Do you know where your lawmakers stand on the hottest issues in the health-care reform debate? Join us in tracking and tallying the stands of all 535 Senators and House Members by the end of September.
Most Viewed Profiles
White House Communications Director (since May 2009) Boss: White House Press Secretary Robert Gibbs
Associate Director, White House Office of Public Liaison Boss: Valerie Jarrett
John D. Podesta
President and chief executive of the Center For American Progress (since 2003)
Associate Director, White House Office of Public Engagement/Deputy Associate Director, Office of Intergovernmental Affairs (since February 2009) Boss: Valerie Jarrett, Senior Adviser and Assistant to the President for Intergovernmental Affairs and Public Engagement
New Profile Requests
Help us write these profiles added by the WRG community:
Director of Government Operations for the Federal Communication Commission's National Broadband Task Force (since August 2009) Boss: N/A
Senate Environment and Public Works Committee staff director and chief counsel (since 2006) Boss: Sen. Barbara Boxer (D-Calif.)
Senior health policy adviser to Sen. Olympia Snowe (R-Maine) (since 2004) Boss: John Richter
See all new profile requests
Recent posts from The Plum Line
Dems Have Been Begging White House For Leadership On Public Option For Weeks Now Tue, 20 Oct 2009
GOP In Same Position In Generic Matchup As In 2008 And 2006 Tue, 20 Oct 2009
GOP Boosting Small Donors As Dem Base Sours On Public Option Waffling Tue, 20 Oct 2009
Approval Of Obama Drops Sharply Among Dems As Support For Public Option Rises Tue, 20 Oct 2009
The Plum Line Home | The Plum Line RSS feed
Recently Updated Profiles
Jason Altmire (D-Pa.)
U.S. Representative (since January 2007)
Edited: Oct. 20, 2009, 4:56PM Joe Donnelly (D-Ind.)
U.S. Representative (since January 2007)
Edited: Oct. 20, 2009, 4:54PM Russell Feingold (D-Wis.)
U.S. Senator (since January 1993)
Edited: Oct. 20, 2009, 4:33PM Judith McHale
Under secretary for Public Diplomacy and Public Affairs at the State Department (since May 2009) Boss: Secretary of State Hillary Rodham Clinton
Edited: Oct. 20, 2009, 4:19PM********
NYT: BO blows off Volcker
Reply #585 on:
October 21, 2009, 07:40:58 AM »
When McCain challenged BO about the radicals around him, BO cited Volcker and Warren Buffett as the people to whom he listened on economics. We're shocked, absolutely shocked, to discover that this may have been a misdirection!
Volcker Fails to Sell a Bank Strategy
Published: October 20, 2009
Listen to a top economist in the Obama administration describe Paul A. Volcker, the former Federal Reserve chairman who endorsed Mr. Obama early in his election campaign and who stood by his side during the financial crisis.
“The guy’s a giant, he’s a genius, he is a great human being,” said Austan D. Goolsbee, counselor to Mr. Obama since their Chicago days. “Whenever he has advice, the administration is very interested.”
Well, not lately. The aging Mr. Volcker (he is 82) has some advice, deeply felt. He has been offering it in speeches and Congressional testimony, and repeating it to those around the president, most of them young enough to be his children.
He wants the nation’s banks to be prohibited from owning and trading risky securities, the very practice that got the biggest ones into deep trouble in 2008. And the administration is saying no, it will not separate commercial banking from investment operations.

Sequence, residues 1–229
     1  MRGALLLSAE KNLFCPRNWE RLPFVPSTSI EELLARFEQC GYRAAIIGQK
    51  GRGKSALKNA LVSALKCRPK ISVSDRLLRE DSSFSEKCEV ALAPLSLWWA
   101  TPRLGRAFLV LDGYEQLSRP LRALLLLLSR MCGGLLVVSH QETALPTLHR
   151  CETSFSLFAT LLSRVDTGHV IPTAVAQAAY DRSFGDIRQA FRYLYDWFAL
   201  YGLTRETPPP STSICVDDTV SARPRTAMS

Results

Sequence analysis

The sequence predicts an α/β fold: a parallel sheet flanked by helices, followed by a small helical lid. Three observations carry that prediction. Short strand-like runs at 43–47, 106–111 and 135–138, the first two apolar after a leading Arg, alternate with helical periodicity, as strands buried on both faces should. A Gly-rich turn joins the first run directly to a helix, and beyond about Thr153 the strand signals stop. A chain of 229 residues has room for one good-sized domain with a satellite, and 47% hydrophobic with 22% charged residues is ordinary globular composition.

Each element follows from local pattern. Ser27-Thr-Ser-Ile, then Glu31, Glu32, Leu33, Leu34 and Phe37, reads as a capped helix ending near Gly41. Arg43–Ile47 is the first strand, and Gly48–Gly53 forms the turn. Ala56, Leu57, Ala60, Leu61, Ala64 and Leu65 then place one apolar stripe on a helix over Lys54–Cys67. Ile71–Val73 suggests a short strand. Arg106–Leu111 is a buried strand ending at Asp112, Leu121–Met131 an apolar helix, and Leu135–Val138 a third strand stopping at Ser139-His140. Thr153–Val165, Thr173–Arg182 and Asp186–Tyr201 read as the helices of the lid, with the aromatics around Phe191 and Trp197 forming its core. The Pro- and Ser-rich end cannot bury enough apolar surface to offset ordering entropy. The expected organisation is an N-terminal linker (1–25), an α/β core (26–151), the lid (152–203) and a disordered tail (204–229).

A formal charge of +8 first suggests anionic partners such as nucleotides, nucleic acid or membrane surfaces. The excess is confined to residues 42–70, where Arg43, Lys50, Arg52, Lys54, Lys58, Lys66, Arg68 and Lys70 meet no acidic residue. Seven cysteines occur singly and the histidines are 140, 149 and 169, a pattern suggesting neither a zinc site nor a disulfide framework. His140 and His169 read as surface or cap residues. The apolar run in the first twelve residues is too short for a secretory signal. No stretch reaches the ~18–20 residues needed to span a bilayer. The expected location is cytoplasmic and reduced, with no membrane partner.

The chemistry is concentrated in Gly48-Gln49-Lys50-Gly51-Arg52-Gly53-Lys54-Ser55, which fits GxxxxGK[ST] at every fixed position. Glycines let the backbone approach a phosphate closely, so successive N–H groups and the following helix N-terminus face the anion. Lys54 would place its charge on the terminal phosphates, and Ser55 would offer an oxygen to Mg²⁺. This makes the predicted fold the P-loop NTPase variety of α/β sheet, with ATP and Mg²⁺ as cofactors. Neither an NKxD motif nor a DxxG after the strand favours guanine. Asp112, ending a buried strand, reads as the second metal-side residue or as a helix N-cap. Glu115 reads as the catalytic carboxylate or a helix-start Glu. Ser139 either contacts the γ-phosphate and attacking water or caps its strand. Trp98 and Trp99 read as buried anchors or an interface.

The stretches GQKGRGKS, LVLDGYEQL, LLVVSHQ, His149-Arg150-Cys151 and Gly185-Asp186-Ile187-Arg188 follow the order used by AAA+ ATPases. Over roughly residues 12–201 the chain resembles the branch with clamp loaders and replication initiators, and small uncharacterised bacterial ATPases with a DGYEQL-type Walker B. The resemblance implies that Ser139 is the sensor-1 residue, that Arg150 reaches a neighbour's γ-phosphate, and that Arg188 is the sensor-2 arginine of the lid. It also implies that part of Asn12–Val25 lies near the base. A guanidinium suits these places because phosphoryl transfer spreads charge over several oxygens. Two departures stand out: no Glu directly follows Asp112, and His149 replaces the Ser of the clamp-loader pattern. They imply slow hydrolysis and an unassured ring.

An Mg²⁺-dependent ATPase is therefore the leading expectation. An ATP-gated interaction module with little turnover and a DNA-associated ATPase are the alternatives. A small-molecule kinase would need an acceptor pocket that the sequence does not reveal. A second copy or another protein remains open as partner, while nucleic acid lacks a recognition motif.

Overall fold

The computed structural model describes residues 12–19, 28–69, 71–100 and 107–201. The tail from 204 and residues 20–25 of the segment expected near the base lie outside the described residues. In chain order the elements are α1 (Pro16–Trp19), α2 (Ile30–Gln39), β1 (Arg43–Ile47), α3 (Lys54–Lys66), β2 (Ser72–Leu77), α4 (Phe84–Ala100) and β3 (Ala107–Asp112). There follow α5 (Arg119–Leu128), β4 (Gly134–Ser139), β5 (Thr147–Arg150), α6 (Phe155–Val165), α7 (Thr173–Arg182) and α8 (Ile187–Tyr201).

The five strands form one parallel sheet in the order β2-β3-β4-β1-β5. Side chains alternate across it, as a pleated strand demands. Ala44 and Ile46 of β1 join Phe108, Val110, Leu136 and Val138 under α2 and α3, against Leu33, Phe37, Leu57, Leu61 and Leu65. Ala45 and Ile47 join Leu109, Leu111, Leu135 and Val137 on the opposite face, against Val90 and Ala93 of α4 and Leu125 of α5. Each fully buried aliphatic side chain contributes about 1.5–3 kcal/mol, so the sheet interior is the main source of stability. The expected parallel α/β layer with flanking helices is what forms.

“I am not pounding the desk all the time, but I am making my point,” Mr. Volcker said in one of his infrequent on-the-record interviews. “I have talked to some senators who asked me to talk to them, and if people want to talk to me, I talk to them. But I am not going around knocking on doors.”
Still, he does head the president’s Economic Recovery Advisory Board, which makes him the administration’s most prominent outside economic adviser. As Fed chairman from 1979 to 1987, he helped the country weather more than one crisis. And in the campaign last year, he appeared occasionally with Mr. Obama, including a town hall meeting in Florida last fall. His towering presence (he is 6-foot-8) offered reassurance that the candidate’s economic policies, in the midst of a crisis, were trustworthy.
More subtly, Mr. Obama has in Mr. Volcker an adviser perceived as standing apart from Wall Street, and critical of its ways, some administration officials say, while Timothy F. Geithner, the Treasury secretary, and Lawrence H. Summers, chief of the National Economic Council, are seen, rightly or wrongly, as more sympathetic to the concerns of investment bankers.
For all these reasons, Mr. Volcker’s approach to financial regulation cannot be just brushed off — and Mr. Goolsbee, speaking for the administration, is careful not to do so. “We have discussed these issues with Paul Volcker extensively,” he said.
Mr. Volcker’s proposal would roll back the nation’s commercial banks to an earlier era, when they were restricted to commercial banking and prohibited from engaging in risky Wall Street activities.
The Obama team, in contrast, would let the giants survive, but would regulate them extensively, so they could not get themselves and the nation into trouble again. While the administration’s proposal languishes, giants like Goldman Sachs have re-engaged in old trading practices, once again earning big profits and planning big bonuses.
Mr. Volcker argues that regulation by itself will not work. Sooner or later, the giants, in pursuit of profits, will get into trouble. The administration should accept this and shield commercial banking from Wall Street’s wild ways.
“The banks are there to serve the public,” Mr. Volcker said, “and that is what they should concentrate on. These other activities create conflicts of interest. They create risks, and if you try to control the risks with supervision, that just creates friction and difficulties” and ultimately fails.